International Journal of Computer Games Technology

International Journal of Computer Games Technology / 2018 / Article

Research Article | Open Access

Volume 2018 |Article ID 3757083 |

Yiing Y’ng Ng, Chee Weng Khong, Robert Jeyakumar Nathan, "Evaluating Affective User-Centered Design of Video Games Using Qualitative Methods", International Journal of Computer Games Technology, vol. 2018, Article ID 3757083, 13 pages, 2018.

Evaluating Affective User-Centered Design of Video Games Using Qualitative Methods

Academic Editor: Yiyu Cai
Received26 Jan 2018
Revised22 Apr 2018
Accepted06 May 2018
Published04 Jun 2018


In recent years, researchers and practitioners in the human-computer interaction (HCI) community have placed a lot of focus in developing methods and processes for use in the gaming field. Affective user-centered design (AUCD) plays an important role in the game industry because it promotes emotional and mental communication, hence improving the interaction modes between users and video games. This paper looks at the development of a suitable AUCD guideline to determine if the expressed emotion, semantics, and mental concept of a tangible and intangible video gaming interface are well received by its intended users. Approaching AUCD in video games requires investigating multiple data to obtain a reliable data especially when assessing and interpreting affect and emotion. They present a challenge due to many ambiguities related to affect definition and measuring affective emotion can be very tedious due to its complexity and unpredictability. In this paper, we describe the methods and techniques used to assess affective user-centered design in video games. We also discuss our approaches within the context of existing affective gaming and user-centered design theory and data gathering procedures, including the factors affecting internal and external validity and the data analysis techniques.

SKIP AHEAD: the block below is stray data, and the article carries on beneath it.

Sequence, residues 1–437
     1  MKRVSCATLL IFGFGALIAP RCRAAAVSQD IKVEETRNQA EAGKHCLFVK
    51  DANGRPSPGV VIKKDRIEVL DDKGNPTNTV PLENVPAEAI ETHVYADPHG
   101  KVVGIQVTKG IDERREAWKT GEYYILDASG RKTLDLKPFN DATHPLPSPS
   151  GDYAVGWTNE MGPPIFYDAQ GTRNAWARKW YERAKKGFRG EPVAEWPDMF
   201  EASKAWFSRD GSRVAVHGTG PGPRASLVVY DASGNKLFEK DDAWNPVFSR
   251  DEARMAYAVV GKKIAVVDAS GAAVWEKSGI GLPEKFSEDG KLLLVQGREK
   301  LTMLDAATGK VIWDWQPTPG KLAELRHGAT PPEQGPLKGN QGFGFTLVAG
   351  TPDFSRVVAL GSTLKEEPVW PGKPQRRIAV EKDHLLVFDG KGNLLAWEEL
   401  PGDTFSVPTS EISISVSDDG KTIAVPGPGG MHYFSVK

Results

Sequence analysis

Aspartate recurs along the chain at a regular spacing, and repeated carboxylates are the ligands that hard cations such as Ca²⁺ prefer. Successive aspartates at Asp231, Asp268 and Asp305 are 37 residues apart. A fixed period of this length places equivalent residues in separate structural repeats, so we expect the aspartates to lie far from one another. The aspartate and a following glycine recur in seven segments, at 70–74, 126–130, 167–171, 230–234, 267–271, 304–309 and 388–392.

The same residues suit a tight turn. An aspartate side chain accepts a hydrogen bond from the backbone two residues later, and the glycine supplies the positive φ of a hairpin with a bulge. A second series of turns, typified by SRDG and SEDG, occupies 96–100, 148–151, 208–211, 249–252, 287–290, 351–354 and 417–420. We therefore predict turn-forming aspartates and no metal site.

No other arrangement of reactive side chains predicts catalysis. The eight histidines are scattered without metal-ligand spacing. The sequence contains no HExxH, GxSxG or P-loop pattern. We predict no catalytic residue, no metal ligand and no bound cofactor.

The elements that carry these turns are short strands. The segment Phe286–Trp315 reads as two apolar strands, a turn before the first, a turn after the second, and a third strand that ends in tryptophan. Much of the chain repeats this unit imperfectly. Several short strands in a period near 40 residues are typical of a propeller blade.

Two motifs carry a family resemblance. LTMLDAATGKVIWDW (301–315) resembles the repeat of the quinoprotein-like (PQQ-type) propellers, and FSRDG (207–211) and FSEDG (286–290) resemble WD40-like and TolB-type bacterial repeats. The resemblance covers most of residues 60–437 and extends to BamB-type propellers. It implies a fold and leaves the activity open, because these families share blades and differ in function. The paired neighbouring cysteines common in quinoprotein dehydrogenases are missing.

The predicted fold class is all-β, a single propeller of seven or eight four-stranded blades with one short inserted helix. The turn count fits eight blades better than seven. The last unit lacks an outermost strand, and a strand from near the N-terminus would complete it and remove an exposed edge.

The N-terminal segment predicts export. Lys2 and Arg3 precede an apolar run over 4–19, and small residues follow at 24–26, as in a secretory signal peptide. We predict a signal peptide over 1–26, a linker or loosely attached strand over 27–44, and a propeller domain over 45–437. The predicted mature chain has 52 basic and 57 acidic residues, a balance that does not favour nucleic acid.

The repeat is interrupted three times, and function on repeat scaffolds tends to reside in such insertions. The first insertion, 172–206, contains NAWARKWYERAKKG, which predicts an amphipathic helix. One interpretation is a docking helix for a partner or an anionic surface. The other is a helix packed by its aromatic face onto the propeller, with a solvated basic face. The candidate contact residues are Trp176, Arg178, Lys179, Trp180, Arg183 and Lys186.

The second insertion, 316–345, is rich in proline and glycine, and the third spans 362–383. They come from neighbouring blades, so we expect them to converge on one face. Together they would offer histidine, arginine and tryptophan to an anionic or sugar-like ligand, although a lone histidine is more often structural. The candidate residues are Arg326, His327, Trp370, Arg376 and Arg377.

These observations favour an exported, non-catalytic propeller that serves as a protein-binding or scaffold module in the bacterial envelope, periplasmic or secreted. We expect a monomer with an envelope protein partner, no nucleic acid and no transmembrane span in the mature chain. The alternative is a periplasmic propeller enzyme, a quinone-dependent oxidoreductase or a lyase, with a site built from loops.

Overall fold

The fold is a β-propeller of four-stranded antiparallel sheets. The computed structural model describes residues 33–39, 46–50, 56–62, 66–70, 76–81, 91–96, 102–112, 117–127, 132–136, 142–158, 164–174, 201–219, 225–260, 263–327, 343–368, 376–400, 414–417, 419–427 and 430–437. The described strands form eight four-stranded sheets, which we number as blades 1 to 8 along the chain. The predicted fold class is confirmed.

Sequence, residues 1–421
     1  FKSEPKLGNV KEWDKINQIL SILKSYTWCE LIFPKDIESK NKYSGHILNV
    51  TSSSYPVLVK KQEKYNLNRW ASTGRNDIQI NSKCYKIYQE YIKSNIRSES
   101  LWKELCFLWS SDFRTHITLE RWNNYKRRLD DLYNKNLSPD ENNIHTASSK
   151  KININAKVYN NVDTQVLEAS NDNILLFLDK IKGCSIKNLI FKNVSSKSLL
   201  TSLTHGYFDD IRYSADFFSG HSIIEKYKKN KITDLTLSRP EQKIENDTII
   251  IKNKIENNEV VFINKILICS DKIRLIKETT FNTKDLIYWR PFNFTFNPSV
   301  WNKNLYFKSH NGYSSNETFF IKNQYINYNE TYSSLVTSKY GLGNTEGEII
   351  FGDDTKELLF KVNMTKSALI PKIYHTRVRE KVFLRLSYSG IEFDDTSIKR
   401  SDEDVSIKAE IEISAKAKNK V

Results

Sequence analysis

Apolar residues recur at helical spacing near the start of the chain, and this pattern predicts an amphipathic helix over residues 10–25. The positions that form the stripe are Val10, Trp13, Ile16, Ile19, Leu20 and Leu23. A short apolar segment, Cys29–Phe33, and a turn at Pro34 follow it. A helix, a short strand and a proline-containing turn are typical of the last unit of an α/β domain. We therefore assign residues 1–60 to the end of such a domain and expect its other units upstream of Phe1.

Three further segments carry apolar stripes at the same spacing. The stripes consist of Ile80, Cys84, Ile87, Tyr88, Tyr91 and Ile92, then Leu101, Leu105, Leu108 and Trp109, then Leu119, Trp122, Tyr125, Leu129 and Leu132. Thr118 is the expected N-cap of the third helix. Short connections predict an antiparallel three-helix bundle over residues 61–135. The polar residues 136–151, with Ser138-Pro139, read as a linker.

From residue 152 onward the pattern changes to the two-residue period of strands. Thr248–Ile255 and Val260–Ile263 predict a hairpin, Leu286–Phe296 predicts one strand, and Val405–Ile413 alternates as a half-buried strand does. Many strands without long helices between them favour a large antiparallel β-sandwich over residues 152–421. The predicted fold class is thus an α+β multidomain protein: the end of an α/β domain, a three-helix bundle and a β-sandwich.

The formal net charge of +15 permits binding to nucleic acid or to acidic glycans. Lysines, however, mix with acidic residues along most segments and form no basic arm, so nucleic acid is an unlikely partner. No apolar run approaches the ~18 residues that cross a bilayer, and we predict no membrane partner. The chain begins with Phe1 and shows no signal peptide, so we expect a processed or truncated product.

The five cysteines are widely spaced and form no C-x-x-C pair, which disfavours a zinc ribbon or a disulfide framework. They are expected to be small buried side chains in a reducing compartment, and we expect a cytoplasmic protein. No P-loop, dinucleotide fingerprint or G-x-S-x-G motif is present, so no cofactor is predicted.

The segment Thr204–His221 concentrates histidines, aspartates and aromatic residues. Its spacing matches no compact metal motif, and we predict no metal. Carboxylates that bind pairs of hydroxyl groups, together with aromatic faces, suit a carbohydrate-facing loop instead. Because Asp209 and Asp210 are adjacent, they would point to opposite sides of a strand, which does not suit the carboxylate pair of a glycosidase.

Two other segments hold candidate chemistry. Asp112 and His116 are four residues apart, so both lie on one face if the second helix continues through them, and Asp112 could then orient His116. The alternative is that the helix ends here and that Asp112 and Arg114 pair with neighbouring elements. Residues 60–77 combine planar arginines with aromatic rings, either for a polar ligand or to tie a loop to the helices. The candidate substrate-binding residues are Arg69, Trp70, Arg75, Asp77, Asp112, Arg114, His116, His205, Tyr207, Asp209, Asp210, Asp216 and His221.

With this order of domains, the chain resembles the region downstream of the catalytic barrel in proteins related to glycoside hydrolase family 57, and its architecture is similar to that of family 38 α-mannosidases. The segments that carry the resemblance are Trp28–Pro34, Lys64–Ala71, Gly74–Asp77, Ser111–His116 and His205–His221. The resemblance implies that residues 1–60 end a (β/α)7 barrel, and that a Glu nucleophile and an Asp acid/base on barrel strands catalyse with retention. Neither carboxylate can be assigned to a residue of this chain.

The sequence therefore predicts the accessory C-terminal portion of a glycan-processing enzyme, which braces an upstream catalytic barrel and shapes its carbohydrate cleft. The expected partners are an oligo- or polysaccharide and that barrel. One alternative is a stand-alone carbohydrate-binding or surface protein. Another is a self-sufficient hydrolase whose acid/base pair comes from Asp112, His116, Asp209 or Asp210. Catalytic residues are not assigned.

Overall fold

1. Introduction

In recent years, game studies have shown to be worthy of research attention and have become one of the established domains of research within the field of human-computer interaction (HCI) [1]. Evidently, user experience studies have also become more prominent in HCI [2]. The user experience in video gaming tends to go beyond the actual implementation of the game itself. To appreciate and comprehend gaming, there is a need to understand what happens in the act of playing, as well as player and the experience of gameplay [3, 4]. The main intent for any game development is to develop a game with the following factors: fun to play, entertaining, providing surprises, challenging, providing aesthetically pleasing experiences, to support social connectedness, and allowing the player to identify with the game [5]. Hence, the user experience design for video games is highly important [2, 6] to the success of the games.

It is noted that the user experience is closely connected to affect and emotion [4, 7] where affect plays the main role in both entertainment and “serious” games. Player’s emotions usually act as mediator for player engagement within the game [8, 9]. “Emotion” is often used interchangeably with “affect”. However, it does not share the same definition [10]. In Norman’s [11] term, “affect is a general term for judgmental system, whether conscious or subconscious”. When users are experiencing queasy or uneasy feeling without knowing why, this is called affect. Whereas emotion is the conscious experience of affect [11]. Desmet [12] suggested that “emotions are best considered as a multifaceted phenomenon which consist of the following components: behavioural reactions (e.g., approaching), expressive reactions (e.g., smiling), physiological reactions (e.g., heart pounding), and subjective feelings (e.g., feeling amused)”.

Therefore, games should be designed to provide players with a variety of unforeseen changes (visual or auditory) to evoke affective reactions in the players. However, there is a need to understand affect in multiple levels concurrently. The current focus of game research is to design games that provide an equal user experience to all players, irrespective of player motivation, experience, or skill. A number of HCI practitioners and researchers have placed a lot of effort to apply, refine, and invent user-centered design (UCD) techniques to improve the enjoyability of games. Several HCI researchers have pointed that affect plays a vital role in both entertainment and “serious” games, in terms of designing experience for users [5, 1315] and also in terms of assessing the game design factors and aesthetic discipline which instills certain effect upon the user [5, 16].

2. Affective User-Centered Design

Although usability and design receives a lot of attention, emotions are increasingly seen at the heart of user experience [11, 17]. For all types of games during gameplay, the emotional factor is one of the most important components. Quoted by Hudlicka [9], “affect plays a key role in user experience, both in entertainment and in serious games.” Therefore, the key is focus on the user-game affective communication, where the user affectiveness will help create believable interaction between players and the gaming interface [9, 18].